Honesty, Truth, and Vulnerability

In her book ‘Daring Greatly’, Brené Brown describes vulnerability as "uncertainty, risk, and emotional exposure." It's that unstable feeling we get when we step out of our comfort zone or do something that forces us to loosen control.


Shame is an unspoken epidemic, the secret behind many forms of broken behaviour. Brené Brown explores what can happen when people confront their shame head-on. Her own humour, humanity, and vulnerability shine through every word. (A clip from Brené Brown's TED Talk "Listening to shame" from TED2012.)


If you want to watch the full talk, you can find it here:


It wasn’t until I allowed myself the space to become vulnerable and let go of the shame of asking for help and support that I started to turn the corner and become someone who I had only ever dreamt of becoming, but I still had the burning question of…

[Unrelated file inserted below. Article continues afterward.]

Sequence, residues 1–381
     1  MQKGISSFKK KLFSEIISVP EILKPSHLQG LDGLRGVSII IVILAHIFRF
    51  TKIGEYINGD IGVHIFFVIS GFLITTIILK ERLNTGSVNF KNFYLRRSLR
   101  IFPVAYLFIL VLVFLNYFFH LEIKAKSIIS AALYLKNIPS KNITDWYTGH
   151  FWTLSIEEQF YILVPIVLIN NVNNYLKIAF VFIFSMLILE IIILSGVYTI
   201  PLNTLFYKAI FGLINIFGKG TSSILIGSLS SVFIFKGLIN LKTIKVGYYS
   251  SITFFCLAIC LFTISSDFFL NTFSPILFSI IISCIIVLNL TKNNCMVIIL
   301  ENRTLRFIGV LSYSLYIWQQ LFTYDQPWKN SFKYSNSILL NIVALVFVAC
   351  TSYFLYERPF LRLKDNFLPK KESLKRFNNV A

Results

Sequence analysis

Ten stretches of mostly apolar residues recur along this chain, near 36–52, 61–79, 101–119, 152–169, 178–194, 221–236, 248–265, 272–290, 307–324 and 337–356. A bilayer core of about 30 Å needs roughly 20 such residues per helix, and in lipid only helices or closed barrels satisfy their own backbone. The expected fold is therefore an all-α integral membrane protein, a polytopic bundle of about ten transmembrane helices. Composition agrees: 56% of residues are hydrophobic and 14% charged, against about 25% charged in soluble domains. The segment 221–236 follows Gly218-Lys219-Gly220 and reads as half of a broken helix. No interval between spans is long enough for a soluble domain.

Who Am I?

When I fell apart, this was a question that kept coming up for me - I absolutely didn’t recognise this person who couldn’t make decisions, had difficulty in doing anything that required me to turn up on time, be trusted to complete tasks, or do the things we take for granted. I think I was in such shock at how quickly life had fallen apart, and I felt completely helpless and hopeless.


All I can say is thank goodness that I had friends. Family was mystified at what had happened, and it was so difficult for me to admit to them that I was weak (this was how I saw myself), the shame ran deep. I learnt about boundaries and co-dependency, and I shared with friends about what I was learning and asked them to pick me up on when I fell into these old behaviours.


I still have fears of not being good enough and realise that I have spent most of my life being driven by fear and judgement of self. What if, we stopped long enough to just work in the now, right at this moment in time? I realised that self-worth and self-esteem were very different, and most of the time I got my validation from self-worth which is about the external ‘haves’.